Quartz was founded in 2012 to serve a new kind of business leader with bracingly creative and intelligent journalism that’s built for users first. We help our audience see around corners, navigate disruption in their industries, build fulfilling careers, broaden their views of the world, and enjoy lives rich with culture.
- British “Game of Thrones” fans will have a rough 24 hours ahead of themThe US and UK have a “special relationship,” but on Sunday (May 19), a wide gulf will separate Americans from Brits—and it’s all because of Game of Thrones. More than 18 million US viewers are expected to tune in to watch the final episode of HBO’s eight-season-long hit show. This… Read more »
- Madonna ensured Eurovision was once again very politicalThis year’s Eurovision Song Contest was a celebration of Europe’s musical talents. It was also very political, including during last night’s final in Tel Aviv, Israel, during which the Netherlands won the top spot. Eurovision was established to bring European countries together after World War II. To allow for dozens… Read more »
- France is good at launching tech startups, but not at growing them“France is maybe the best place to start a company,” said Jean-Rémi Kouchakji, co-founder of PayinTech, a Paris-based fintech firm that was among the 9,000 startups at the Viva Technology conference this year. Paradoxically, he said, it’s a difficult place for small- and medium-sized companies to thrive, a necessary step… Read more »
- Inside the new Statue of Liberty MuseumAfter five years and a series of crowdfunding campaigns, the new Statue of Liberty Museum opened as scheduled this week. Measuring 26,000 square feet, the exhibition space serves as a welcome center for the 4.5 million annual visitors who trek to Liberty Island to see New York City’s beloved colossus… Read more »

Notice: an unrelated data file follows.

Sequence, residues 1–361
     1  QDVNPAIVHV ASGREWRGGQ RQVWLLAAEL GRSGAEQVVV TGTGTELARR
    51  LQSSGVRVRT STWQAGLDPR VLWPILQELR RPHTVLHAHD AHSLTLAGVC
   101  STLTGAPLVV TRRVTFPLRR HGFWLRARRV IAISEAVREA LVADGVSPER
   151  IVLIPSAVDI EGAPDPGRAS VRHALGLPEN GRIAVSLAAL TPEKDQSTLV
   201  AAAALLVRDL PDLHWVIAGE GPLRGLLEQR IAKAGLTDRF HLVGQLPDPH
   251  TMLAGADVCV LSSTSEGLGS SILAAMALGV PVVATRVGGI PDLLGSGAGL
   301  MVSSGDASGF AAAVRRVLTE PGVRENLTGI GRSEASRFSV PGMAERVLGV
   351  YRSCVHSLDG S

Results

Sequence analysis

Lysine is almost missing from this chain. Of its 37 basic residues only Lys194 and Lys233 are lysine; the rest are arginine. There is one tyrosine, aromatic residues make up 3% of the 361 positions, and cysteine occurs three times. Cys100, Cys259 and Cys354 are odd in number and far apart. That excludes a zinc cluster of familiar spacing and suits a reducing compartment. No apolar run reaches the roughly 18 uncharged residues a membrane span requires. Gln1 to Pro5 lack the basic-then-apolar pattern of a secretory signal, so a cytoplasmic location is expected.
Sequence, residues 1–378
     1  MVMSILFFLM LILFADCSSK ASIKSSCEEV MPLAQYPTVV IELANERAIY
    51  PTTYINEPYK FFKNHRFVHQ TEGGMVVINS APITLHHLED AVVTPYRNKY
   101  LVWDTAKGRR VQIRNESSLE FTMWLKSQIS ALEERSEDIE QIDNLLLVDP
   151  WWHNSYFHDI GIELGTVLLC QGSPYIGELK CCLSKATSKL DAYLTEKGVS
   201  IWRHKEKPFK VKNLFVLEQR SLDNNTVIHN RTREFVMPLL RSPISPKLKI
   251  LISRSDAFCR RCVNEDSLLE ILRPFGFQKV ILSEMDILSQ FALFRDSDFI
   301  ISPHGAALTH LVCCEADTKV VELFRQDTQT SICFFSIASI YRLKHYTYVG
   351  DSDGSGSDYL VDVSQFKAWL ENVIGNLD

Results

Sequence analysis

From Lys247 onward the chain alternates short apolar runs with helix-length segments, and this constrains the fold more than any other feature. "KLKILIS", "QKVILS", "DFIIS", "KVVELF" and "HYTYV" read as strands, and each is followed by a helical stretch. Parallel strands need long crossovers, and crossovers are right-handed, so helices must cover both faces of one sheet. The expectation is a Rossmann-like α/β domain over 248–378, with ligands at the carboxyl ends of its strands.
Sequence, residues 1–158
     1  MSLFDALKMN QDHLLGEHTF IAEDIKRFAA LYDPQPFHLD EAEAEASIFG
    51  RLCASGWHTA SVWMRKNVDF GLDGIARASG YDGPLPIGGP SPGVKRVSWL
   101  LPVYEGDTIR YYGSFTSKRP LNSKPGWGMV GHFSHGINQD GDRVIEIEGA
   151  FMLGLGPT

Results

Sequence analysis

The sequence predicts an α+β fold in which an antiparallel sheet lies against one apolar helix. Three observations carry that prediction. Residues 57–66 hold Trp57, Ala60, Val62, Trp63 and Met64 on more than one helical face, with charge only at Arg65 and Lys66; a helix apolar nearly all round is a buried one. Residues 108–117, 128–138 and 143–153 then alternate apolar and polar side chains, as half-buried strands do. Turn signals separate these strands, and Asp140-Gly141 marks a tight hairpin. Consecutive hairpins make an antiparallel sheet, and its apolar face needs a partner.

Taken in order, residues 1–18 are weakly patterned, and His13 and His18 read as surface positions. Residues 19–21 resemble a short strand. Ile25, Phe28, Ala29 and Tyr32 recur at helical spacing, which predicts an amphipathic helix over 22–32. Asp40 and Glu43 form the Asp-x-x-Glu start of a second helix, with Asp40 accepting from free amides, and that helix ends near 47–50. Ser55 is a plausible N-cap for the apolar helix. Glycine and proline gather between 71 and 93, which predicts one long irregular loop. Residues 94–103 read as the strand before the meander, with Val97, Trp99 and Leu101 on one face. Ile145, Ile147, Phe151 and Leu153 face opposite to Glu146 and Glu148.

- Republican congressman Justin Amash called for Trump’s impeachmentToday, in a 13-tweet thread, Michigan congressman Justin Amash chided his fellow Republicans for failing to respond appropriately to special counsel Robert Mueller’s report on Russian meddling in the 2016 US presidential election and Donald Trump’s efforts to thwart the investigation. Amash is calling for Trump’s impeachment. He believes his… Read more »
Reddit is an American social news aggregation, web content rating, and discussion website. Registered members submit content to the site such as links, text posts, and images, which are then voted up or down by other members. Posts are organized by subject into user-created boards called “subreddits”, which cover a variety of topics including news, science, movies, video games, music, books, fitness, food, and image-sharing. Submissions with more up-votes appear towards the top of their subreddit and, if they receive enough votes, ultimately on the site’s front page.
- Books relating Marxism to actual praxis that took place in USSR, China, etc.?What I've seen and read on Marxist philosophy/economics/politics is mostly entirely theoretical, and the criticisms of Marxist praxis in the USSR, China that I've seen come off as an attempt to smear Marxism with little to no familiarity with the actual theory and works in the tradition. (although I've read… Read more »
- Iris Murdoch's 'Idea of Perfection' essay (Sovereignity of Good)Hello all, I am struggling to understand Iris Murdoch's picture of the behaviourist-existentialist man of contemporary philosophy. Would anyone be able to help? submitted by /u/JCrago [link] [comments] Read more »
- In Kant, how exactly is the 'State' constrained from overstepping his boundaries?I understand that he holds a duty to uphold the innate right and UPR but apart from this, because Kant doesn't advocate for any rebellion like Hobbes, how exactly can the people hold the State accountable for his actions? submitted by /u/Wanderer_Fantasy [link] [comments] Read more »
- How can "historical materialism" be materialism, if history it's not a material thing? Isn't it idealism more?submitted by /u/Khajiit-In-Bottle [link] [comments] Read more »